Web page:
Python [2.5] | [3.5] Javascript

Python or JavaScript: Data Science & Machine Learning

Working with data in JavaScript is like trying to reinvent a bicycle wheel while you can go to the yard and start your motorcycle. Python comes with proven, scalable, and well-documented Data Science and Machine Learning libraries like TensorFlow, NumPy, SciPy. There are alternatives like TensorFlow.js but you’d have less help from people who have potentially solved a similar problem with TensorFlow.


The main argument against JavaScript in data tasks, however, is performance. If you want to run multiple Machine Learning simulations, Python solutions will just work better. Sure, you can use Napa.js but why go niche when you can go wide?

Python [3.5] | [3.5] Javascript

Python or JavaScript: Learning Fatigue

Overall, Python is more stable when it comes to all the language’s development. The arguably latest disruptive challenge was introduced in December 2008 with the release of Python 3.0. Python 2.xy code was not backward compatible but Python Software Foundation kept supporting Python 2 until January 2020. Other than that, major Python 3 updates happen about once a year.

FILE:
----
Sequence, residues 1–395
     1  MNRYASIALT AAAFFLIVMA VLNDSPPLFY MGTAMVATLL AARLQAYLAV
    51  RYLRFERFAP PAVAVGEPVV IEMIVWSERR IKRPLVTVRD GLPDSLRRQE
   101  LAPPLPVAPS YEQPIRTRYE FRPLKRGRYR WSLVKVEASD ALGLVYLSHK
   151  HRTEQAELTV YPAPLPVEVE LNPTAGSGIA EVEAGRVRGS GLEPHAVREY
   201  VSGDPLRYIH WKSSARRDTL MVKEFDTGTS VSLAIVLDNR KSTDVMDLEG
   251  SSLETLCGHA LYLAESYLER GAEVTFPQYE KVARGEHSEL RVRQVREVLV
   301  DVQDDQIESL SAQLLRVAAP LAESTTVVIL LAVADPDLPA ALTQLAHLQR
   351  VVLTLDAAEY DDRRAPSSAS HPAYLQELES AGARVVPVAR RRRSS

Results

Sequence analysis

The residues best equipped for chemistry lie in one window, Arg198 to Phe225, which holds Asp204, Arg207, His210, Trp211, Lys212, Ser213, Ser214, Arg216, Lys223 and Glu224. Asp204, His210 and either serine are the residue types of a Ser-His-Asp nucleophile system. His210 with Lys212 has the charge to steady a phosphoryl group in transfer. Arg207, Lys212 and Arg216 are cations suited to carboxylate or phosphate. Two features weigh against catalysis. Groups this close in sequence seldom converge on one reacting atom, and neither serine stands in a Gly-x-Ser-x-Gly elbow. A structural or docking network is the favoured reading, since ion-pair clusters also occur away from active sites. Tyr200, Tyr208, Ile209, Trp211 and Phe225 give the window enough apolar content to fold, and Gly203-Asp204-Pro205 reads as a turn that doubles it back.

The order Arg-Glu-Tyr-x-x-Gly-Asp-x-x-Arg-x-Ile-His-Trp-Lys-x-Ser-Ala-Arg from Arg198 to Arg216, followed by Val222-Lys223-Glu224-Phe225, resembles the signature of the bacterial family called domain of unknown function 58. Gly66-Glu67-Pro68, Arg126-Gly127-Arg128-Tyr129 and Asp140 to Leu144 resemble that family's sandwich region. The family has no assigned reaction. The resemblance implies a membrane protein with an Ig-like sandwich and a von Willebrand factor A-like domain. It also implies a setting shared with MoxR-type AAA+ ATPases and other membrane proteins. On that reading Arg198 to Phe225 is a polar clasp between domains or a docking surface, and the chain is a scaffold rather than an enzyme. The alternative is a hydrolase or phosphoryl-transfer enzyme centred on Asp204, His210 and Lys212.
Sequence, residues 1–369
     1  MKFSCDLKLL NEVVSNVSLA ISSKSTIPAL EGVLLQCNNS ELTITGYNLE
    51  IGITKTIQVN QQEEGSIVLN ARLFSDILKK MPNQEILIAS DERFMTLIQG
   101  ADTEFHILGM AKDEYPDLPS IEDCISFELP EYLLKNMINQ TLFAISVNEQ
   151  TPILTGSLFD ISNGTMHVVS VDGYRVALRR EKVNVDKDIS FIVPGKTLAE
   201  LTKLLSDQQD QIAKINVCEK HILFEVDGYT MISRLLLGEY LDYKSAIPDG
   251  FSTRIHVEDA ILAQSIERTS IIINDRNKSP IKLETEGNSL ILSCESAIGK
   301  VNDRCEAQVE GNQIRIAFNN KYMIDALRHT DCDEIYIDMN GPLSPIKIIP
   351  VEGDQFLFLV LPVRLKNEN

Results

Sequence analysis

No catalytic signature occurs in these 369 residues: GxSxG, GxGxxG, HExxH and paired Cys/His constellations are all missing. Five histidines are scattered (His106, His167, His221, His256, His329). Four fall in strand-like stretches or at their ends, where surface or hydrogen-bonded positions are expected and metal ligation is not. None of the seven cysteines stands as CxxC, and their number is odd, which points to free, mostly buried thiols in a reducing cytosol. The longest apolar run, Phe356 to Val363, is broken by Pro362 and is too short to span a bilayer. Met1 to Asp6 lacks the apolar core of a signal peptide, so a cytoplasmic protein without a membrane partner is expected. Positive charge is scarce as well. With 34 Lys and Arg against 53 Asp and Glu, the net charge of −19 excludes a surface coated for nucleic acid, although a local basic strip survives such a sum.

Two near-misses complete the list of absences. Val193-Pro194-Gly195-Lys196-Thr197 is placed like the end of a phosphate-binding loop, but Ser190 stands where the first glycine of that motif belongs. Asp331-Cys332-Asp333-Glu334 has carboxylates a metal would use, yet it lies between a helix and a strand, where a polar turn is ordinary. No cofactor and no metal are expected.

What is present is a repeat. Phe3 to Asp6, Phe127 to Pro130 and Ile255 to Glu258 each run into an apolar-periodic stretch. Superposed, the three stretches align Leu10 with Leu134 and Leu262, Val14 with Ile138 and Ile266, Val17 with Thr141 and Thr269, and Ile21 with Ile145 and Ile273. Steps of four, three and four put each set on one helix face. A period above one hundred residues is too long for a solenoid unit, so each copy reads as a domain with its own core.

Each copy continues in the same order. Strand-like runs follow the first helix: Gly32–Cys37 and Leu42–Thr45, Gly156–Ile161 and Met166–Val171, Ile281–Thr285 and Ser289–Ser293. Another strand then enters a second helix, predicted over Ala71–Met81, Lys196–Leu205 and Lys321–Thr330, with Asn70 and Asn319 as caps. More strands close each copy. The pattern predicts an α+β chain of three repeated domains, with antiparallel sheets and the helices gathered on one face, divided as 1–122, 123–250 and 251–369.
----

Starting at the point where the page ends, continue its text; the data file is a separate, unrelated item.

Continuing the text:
JavaScript, however, is an arms race for the best-performing frameworks and libraries. You gotta keep cutting those loading times if you want to rank higher on Google and keep users engaged. The latest hot object (that’s a coder’s synonym for “stuff”) on the market is Google’s Angular from 2016, and the most prevalent library seems to be Facebook’s React from 2013. Coding life is hardly limited to 8 hours at home but JavaScript certainly carries a lot of extra learning to keep up.

Python [4] | [3.5] Javascript

Python or JavaScript: Conclusion

As you can see, Python came out ahead on less than a point in our comparison. Nonetheless, you should avoid treat such comparison with caution, as your criteria could be different. If you've decided to become a Frontend Developer, then JavaScript is the way to go no matter the score. You can start learning both Python and Frontend with our 4-month Junior programmes. 

Special thanks: Jiin Jeong